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Sunday, Jun 24, 2018
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Storied congressman Young to retire in 2014

TAMPA — U.S. Rep. C.W. “Bill” Young of Indian Shores, the senior Republican in Congress and Florida's longest-serving member, is retiring after his the end of his 22nd term in 2014, his son confirmed to The Tampa Tribune today.

Young, 82, represents the 13th Congressional District and was first elected to the House in 1970 after serving in the Florida Senate for nine years.

He called his family this morning and told them that he was going to retire after 2014, according to son Bill Young II.

“It is something my brothers and I and our kids and mom have been talking about for a while,” Bill Young II said. “It is obviously a huge decision.”

Noting that the Republican congressman heads the influential House Appropriations Committee Defense Subcommittee, Bill Young II said his father “wanted to go out while he was still on top. He is still chairman.”

Young said his father had broached the idea of retiring several times in the past, but “I knew it was getting more serious and felt that he was going to retire, but you never know with my dad.”

Young said his father, recently been hospitalized in the Washington, D.C., area with back problems, has been having difficulty moving.

“He was walking a little slower and with a walker,” said Young. “Ever since he had back surgery, he was not quite right. But I tell him every day that, for 82 you are doing pretty good.”

Young's seat on the House Appropriations Committee and chairmanship of its subcommittee on defense provides leverage with military contractors.

He has used his seniority and position to deliver a host of benefits to Pinellas County.

As listed on Young's website, these include projects to ease congestion on U.S. Highway 19; attracting high-tech jobs to St. Petersburg; improving health care for low-income children and families; protecting the neighboring MacDill Air Force Base; building a state of the art medical center for veterans at Bay Pines VA Healthcare System; ensuring a steady supply of water for the Tampa Bay area; and offsetting the effects of erosion on the area's beaches.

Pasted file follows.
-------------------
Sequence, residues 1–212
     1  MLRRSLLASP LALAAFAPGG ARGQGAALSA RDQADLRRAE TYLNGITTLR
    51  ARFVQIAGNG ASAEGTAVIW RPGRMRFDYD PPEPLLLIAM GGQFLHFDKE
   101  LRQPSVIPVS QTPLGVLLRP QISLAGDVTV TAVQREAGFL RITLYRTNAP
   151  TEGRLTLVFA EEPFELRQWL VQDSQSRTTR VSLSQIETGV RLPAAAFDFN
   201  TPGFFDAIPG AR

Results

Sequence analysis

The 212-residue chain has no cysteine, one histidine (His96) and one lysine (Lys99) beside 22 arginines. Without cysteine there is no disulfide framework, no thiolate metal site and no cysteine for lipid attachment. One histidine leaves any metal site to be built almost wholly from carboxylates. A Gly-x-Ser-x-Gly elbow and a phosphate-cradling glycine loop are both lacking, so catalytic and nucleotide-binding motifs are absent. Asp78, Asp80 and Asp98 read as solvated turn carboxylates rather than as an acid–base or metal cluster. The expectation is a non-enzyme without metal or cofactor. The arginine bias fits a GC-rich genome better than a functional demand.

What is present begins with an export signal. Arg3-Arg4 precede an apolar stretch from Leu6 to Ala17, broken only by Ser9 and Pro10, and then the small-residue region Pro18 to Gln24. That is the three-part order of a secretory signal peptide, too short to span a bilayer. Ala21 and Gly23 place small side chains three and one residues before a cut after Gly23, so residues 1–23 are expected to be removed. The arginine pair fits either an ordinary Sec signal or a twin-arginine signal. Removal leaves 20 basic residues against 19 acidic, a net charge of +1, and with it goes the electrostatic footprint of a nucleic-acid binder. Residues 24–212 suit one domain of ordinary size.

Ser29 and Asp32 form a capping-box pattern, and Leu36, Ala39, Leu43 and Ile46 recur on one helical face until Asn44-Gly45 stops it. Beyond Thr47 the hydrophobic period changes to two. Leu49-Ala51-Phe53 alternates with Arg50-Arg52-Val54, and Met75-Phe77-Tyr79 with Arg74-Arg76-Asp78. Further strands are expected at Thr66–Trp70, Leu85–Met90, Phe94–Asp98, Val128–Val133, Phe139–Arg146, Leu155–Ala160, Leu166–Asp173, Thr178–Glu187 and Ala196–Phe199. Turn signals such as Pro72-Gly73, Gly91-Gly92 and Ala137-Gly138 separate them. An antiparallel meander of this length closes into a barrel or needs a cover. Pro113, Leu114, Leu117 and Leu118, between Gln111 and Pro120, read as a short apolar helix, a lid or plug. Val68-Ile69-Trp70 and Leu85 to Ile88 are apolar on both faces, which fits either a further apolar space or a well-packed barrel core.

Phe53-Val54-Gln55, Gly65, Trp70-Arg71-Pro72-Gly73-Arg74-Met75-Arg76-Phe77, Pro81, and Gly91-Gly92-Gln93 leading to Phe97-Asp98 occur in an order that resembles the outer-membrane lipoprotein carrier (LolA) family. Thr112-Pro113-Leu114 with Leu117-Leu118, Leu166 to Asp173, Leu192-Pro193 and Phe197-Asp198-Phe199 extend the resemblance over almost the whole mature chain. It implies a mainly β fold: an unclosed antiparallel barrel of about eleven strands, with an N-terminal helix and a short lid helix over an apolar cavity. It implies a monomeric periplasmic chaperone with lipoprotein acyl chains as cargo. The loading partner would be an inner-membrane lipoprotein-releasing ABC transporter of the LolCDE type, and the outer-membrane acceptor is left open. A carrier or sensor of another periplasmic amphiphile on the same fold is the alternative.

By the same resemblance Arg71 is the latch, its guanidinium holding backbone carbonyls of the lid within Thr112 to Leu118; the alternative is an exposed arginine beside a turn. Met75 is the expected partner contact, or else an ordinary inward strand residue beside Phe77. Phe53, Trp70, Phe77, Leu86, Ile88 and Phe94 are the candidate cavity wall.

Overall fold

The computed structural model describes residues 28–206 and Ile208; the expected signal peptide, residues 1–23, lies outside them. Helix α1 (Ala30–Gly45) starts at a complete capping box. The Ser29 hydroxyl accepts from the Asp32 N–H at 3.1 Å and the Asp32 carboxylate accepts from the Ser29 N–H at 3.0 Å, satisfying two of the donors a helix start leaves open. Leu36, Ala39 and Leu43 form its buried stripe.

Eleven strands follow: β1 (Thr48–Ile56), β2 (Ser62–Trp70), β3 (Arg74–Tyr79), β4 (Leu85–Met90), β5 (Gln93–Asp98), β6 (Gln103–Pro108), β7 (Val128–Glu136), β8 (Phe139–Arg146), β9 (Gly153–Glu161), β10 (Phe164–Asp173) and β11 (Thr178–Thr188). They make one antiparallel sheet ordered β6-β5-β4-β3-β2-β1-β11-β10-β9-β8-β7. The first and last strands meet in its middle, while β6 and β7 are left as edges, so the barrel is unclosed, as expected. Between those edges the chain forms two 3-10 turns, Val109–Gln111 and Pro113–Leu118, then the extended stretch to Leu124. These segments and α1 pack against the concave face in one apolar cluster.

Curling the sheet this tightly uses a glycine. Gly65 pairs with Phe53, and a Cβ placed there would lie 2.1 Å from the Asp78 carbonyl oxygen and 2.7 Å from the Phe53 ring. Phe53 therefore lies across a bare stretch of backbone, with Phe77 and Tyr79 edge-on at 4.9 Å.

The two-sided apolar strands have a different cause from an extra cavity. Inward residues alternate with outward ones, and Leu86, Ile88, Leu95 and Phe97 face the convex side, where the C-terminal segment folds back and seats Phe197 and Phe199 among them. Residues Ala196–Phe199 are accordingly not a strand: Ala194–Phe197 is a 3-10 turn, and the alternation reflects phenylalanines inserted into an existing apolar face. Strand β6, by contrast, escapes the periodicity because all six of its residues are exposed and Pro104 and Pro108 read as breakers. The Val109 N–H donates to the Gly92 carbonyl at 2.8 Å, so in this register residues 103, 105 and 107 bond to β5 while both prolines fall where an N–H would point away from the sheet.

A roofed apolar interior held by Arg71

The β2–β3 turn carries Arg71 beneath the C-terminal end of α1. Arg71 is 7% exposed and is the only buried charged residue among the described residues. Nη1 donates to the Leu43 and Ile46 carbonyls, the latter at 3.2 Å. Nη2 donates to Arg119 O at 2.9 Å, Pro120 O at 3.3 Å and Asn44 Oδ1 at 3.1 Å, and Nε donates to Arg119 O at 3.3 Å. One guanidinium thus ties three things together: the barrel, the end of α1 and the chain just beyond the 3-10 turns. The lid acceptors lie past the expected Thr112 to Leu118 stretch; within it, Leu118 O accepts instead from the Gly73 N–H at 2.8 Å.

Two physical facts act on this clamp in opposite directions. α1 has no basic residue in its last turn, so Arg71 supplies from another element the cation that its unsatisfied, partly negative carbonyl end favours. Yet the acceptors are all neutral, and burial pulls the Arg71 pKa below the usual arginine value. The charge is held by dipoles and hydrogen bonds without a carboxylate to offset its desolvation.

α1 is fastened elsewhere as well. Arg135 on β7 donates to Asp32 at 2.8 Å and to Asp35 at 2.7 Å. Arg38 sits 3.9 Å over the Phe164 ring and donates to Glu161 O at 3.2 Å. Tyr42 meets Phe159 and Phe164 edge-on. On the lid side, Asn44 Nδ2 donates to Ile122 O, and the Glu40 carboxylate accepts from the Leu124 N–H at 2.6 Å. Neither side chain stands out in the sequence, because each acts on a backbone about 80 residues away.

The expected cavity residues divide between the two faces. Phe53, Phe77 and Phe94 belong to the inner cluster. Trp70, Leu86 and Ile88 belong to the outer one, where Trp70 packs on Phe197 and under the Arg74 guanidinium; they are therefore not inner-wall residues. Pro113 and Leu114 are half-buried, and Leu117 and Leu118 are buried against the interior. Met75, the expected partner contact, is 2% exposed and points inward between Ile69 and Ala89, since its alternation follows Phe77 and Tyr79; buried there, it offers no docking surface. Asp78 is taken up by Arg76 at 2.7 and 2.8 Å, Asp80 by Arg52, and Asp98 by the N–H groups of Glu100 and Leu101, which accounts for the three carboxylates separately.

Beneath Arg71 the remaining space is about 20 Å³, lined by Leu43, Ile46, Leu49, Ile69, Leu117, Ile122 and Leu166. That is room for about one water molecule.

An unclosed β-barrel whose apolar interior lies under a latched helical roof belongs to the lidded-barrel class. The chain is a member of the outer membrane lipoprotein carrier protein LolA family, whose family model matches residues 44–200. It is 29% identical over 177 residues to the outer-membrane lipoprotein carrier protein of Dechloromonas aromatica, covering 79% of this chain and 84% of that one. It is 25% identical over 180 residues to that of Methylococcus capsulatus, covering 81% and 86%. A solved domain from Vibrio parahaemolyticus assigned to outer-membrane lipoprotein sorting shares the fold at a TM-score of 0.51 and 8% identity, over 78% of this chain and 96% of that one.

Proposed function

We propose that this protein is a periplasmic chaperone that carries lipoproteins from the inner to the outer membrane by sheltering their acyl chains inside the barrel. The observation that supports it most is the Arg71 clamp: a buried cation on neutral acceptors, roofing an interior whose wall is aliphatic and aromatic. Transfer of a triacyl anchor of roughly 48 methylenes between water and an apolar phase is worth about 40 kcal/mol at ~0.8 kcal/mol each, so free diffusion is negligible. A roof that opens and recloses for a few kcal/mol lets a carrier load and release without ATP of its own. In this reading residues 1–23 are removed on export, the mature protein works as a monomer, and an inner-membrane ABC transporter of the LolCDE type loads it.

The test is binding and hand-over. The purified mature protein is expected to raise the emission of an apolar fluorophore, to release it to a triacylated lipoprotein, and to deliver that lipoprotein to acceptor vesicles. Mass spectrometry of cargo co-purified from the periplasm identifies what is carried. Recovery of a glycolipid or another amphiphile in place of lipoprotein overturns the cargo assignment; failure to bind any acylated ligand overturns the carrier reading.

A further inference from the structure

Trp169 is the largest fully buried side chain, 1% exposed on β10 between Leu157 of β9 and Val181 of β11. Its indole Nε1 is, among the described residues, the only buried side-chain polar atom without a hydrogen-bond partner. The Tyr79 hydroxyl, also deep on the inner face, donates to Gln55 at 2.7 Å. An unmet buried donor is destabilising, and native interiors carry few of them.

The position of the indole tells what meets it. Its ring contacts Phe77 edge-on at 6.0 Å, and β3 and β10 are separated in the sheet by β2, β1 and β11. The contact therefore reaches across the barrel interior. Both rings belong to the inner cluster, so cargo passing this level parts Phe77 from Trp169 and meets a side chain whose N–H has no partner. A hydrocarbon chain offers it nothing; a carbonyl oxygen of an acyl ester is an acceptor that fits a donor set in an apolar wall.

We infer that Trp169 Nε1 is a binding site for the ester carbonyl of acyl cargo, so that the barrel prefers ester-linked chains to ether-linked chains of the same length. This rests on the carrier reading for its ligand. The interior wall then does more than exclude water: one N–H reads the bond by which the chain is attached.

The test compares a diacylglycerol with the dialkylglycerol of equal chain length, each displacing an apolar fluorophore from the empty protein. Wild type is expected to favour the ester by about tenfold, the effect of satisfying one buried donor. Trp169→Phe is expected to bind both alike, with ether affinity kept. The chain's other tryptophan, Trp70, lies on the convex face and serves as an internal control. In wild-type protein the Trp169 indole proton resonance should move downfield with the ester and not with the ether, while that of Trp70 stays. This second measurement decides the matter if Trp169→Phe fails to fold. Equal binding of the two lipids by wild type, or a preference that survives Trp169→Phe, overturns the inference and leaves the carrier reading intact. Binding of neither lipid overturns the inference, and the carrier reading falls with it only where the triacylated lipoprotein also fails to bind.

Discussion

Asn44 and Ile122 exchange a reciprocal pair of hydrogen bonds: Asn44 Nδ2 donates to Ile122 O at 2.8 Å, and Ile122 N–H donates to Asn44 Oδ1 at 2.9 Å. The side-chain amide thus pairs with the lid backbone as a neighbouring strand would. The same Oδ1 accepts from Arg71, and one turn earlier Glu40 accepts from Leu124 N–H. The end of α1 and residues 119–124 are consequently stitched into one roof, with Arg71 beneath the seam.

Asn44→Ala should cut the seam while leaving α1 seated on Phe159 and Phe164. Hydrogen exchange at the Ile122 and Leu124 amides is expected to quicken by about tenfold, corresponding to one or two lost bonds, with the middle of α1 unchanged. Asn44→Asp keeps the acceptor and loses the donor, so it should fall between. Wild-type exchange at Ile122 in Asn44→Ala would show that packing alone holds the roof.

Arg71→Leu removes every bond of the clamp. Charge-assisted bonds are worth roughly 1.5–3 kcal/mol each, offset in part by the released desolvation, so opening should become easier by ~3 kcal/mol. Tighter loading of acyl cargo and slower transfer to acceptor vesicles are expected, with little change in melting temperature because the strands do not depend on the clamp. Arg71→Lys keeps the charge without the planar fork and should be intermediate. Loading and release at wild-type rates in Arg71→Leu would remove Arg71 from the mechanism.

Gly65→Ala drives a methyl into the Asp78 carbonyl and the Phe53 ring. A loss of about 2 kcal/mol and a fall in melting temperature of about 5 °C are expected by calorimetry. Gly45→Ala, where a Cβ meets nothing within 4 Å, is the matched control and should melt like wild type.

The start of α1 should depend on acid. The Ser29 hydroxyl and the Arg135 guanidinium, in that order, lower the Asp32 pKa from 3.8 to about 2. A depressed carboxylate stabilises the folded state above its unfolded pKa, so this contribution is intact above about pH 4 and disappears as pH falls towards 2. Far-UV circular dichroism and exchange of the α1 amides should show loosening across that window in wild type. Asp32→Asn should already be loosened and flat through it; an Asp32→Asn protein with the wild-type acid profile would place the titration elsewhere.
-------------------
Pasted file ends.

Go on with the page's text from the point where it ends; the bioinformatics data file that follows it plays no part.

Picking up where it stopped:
Young's retirement will spark a competitive race for the seat in a district that has leaned Democratic in the past several elections, but where prominent Republicans could be strong candidates.

Political insiders immediately speculated there will be hard-fought primaries in both parties.

“People are going to come out of the woodwork,” said former Pinellas County GOP Chairman Jay Beyrouti.

On the Democratic side, St. Petersburg lawyer Jessica Ehrlich, who ran unsuccessfully against Young in 2012, has launched another campaign for 2014 and vows that with an earlier start, she'll be a stronger candidate than in 2012.

But with the formidable Young no longer looming in the general election, Ehrlich may see a challenge for the Democratic nomination.

On the Republican side, the most-talked about candidate is former Mayor Rick Baker, but other big names also may be interested.

State Sen. Jack Latvala, long a dominant force in Pinellas County Republican politics, is considered another likely possibility, but didn't want to discuss the question Wednesday.

“Out of deference to Congressman Young, today is his day and I don't have any comment, other than to say he's a wonderful public servant whom I try to emulate and I'm just proud to be his friend.”

State Sen. Jeff Brandes has told friends he'd be interested in running for the seat if Young retired, local GOP insiders say; former Clearwater Mayor Frank Hibbert and Pinellas County Commissioners John Morroni and Karen Seel are also subjects of speculation about the race.

Pinellas County is considered the birthplace of the modern Republican Party in Florida and has traditionally been dominated by Republicans, but with a comparatively moderate political posture.

In recent years, it has become more and more Democratic. The congressional district Young represents voted for President Barack Obama by narrow majorities in both 2008 and 2012, and for Democrat Alex Sink over Republican Rick Scott in 2010.

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